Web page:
Editor’s note: Allan Maurer’s BioWatch column is a regular feature on Fridays.A Pharmaceutical Research and Manufacturers of America (PhRMA) survey that says 144 companies nationally are developing 371 new biotechnology medicines reveals several things about the Research Triangle’s biotech industry.

One: GlaxoSmithKline truly is dominant.

Two: RTP and North Carolina are far down the list in drug development.

Three: GSK isn’t only RTP firm with late-stage drugs under development.

PhRMA’s survey says the new medicines, all either in clinical trials or awaiting U.S. Food and Drug Administration approval, include 178 targeting cancers, 47 for infectious diseases, 26 for autoimmune diseases, 22 for neurological disorders and 21 for HIV/AIDS.

“These medicines are the result of extensive efforts to understand the human genome and penetrate the molecular basis of disease,” says PhRMA president Alan F. Holmer. “Many attack or prevent disease in fundamentally different ways.”

GlaxoSmithKline clearly dominates drug development in the Triangle, having a hand in more than 20 of 30 in clinical trials that have Triangle connections. GSK and its various drug development partners are testing vaccines to treat H.I.V., two types of hepatitis, malaria, colorectal, pancreatic and lung cancers, treatments for stroke and asthma, among others.

London-based GSK has dual U.S. headquarters, one in the Triangle, one in Philadelphia.

A distant fifth

While North Carolina ranks among the top five states in the number of biotech companies resident, it is, as Sam Taylor, president of NC BIO, state arm of the national industry lobbying group, says, “a distant fifth.”

Scroll through the 371 drugs listed in the PhRMA survey and you’ll roll by a page of California, Massachusetts and Maryland firms between each Triangle firm with drugs in trials. Companies in Pennsylvania, New York, Texas and Virginia also make a respectable showing.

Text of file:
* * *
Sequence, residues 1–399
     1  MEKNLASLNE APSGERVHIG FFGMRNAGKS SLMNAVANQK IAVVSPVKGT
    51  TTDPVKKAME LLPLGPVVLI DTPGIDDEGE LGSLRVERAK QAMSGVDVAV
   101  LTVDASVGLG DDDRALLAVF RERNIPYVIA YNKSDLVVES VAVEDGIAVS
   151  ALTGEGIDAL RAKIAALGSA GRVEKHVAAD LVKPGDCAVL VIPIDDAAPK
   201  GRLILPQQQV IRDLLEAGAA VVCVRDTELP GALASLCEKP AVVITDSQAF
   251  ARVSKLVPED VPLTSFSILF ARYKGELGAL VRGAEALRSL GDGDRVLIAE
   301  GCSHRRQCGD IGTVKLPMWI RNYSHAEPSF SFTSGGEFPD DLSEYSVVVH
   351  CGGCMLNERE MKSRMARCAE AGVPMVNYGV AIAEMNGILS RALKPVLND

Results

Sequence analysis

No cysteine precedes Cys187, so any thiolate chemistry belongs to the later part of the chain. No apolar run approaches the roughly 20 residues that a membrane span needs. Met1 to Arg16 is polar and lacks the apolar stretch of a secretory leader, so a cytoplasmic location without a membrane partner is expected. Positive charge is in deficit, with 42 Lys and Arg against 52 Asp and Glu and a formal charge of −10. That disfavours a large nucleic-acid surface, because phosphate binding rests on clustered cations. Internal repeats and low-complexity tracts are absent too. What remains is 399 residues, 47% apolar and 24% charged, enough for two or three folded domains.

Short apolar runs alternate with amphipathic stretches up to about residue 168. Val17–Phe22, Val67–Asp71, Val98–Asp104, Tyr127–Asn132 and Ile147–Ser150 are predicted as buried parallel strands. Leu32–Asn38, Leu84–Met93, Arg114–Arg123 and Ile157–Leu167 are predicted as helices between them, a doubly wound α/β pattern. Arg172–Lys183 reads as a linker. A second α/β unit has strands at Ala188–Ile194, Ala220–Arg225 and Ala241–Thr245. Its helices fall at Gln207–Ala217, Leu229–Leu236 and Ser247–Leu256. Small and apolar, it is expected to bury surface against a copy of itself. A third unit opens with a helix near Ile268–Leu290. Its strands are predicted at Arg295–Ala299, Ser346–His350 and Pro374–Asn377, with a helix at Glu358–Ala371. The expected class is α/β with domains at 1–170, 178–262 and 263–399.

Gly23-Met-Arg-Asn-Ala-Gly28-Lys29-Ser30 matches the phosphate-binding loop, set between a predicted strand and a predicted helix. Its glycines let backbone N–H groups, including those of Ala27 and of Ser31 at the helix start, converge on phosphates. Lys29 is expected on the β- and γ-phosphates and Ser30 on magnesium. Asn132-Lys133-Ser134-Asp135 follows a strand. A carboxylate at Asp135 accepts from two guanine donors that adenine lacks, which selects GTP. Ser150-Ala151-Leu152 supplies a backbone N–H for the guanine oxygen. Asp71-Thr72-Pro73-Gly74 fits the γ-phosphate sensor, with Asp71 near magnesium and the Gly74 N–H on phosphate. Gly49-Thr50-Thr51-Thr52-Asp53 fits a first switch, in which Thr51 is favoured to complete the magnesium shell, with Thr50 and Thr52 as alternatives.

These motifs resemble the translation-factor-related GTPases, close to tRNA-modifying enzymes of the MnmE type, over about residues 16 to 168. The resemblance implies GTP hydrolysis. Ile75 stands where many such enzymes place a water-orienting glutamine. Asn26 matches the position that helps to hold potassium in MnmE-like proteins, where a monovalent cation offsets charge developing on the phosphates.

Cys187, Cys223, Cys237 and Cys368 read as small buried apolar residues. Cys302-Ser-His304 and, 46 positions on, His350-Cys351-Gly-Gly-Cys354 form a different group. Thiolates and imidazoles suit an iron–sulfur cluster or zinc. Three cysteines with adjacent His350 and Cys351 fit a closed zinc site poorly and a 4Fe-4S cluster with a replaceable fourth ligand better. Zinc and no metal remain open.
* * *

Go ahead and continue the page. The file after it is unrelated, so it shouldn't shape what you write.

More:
According to the survey, Triangle area companies have about 30 of the 371 total surveyed, a respectable showing.

Among the Triangle’s homegrown biotech companies, Trimeris (Nasdaq: TRMS) has the highest profile drug about to launch.

Trimeris is preparing to market Fuzeon, its first of a new type of treatment for AIDS. Fuzeon, which performed very well in late stage clinical trials, is expected to FDA approval as early as March next year.

Investors like late stage drugs

At a biotech event earlier this year, Max Wallace, president and chief executive of struggling Cogent Neuroscience, said the region needs one of its companies to “hit one out of the park,” and that Trimeris may do that with Fuzeon. Trimeris has other drugs working on the same principle of preventing H.I.V. from entering cells, in its pipeline.

Trimeris investors certainly seem to think it’s about to hit the big time. They ponied up an additional $102.4 million buying 2.4 million common shares at a price of $45.25. It’s worth noting that raising more than $100 million in the current economic climate shows that investors prefer biotech companies with drugs close to market.

Many of Trimeris’ major institutional shareholders kicked in significant amounts of new cash to help the company market the new drug.

Other Triangle companies with drugs in late stage development include Raleigh-based Salix (Nasdaq: SLXP), with its treatment for traveler’s diarrhea in Phase III testing, and Durham-based Curacyte, which has a treatment for nitric oxide shock prevention in Phase III trials.

You can find entire list here (requires Adobe Acrobat Reader): www.phrma.org/publications/publications//2002-10-21.601.pdf

Delays for GSK counter to Viagra?

One of GSK’s most commercially promising products, a treatment for erectile disfunction called Levitra, may be delayed because Pfizer, maker of the very popular male impotence pill Viagra, says it infringes its patent. GSK executives say they do not expect the suit to succeed but admit it may delay marketing the new drug.

Pfizer recently received a patent not only on Viagra’s specific formulation, but also its method of action. The company lost a similar patent infringement suit in Europe.

The suit and other concerns caused a 5 percent drop in GSK’s stock-like American depository receipts Wednesday, although the company reported $7.7 billion in revenue in the third quarter, up six percent.

Phrma industry site: www.phrma.org